“And what does that mean?” asked Miss Teak.

“Uhhhhh,” Jenna spluttered. “I think you have to decide if the experiment worked or not.”

“Very good,” said Miss Teak.

“Do I get my one million dollars?” asked Jenna.

“Yes,” said Miss Teak. “Mon-Unique will pay you.”

Even Mon-Unique laughed. Jenna grinned. She never really thought Miss Teak would give her a million bucks.

Miss Teak passed out equipment to every group. She gave out batteries, bulbs and buzzers. 

We don’t have any wires,” said Mon-Unique.

“I know,” said Miss Teak. I’m giving you several things to use. Some might work, and others might not. I will give you nails, plastic tubes, metal coils, copper rectangles, steel wool and rubber hoses. I need you to guess which ones can connect to the bulb and the battery and make it light up. Then you need to experiment and see what works.” 

“Mon-Unique is bleeding again,” Colton shouted from another table. “Just like last week.”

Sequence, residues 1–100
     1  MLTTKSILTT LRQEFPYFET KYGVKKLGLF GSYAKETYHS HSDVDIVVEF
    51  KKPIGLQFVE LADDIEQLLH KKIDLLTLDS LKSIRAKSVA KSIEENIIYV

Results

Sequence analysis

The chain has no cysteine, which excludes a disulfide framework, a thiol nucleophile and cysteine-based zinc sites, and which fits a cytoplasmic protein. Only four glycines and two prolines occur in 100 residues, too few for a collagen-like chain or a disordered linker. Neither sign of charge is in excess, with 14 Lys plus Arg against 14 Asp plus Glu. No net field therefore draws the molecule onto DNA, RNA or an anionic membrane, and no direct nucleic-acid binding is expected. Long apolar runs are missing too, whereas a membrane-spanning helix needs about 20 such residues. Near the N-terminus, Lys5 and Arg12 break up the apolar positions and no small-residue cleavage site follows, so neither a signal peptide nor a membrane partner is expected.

Jenna looked over. Lots of blood was leaking out of the girl’s nose. Mon-Unique held a hand over the nose in a useless attempt to stop the bleeding. 

 “Bloody noses are never as bad as they seem,” said the teacher in a calm voice. “I need a volunteer.”

Every hand shot up. Jenna was disappointed when the teacher picked Neva instead of her. “Neva, walk Mon-Unique up to the nurse.”

They left the room. Miss Teak pulled some “wipies” out of a plastic can and cleaned up the blood on Mon-Unique’s desk. The wipies smell like ammonia, thought Jenna.

“Jenna,” said Miss Teak. “You can be the group leader.”

“Yes!” said Jenna. She asked her group, “Who wants to write things down?”

They experimented. Some things worked. The nail, the metal coil, the copper rectangle and even the steel wool would connect the bulb and the battery and make it glow. 

“Miss Teak,” said Jenna. “Can we make a chart?”

The teacher smiled proudly and said, “Of course. Your group finished early.” She gave Jenna a warning look and said, “Pick someone else to report to the class.”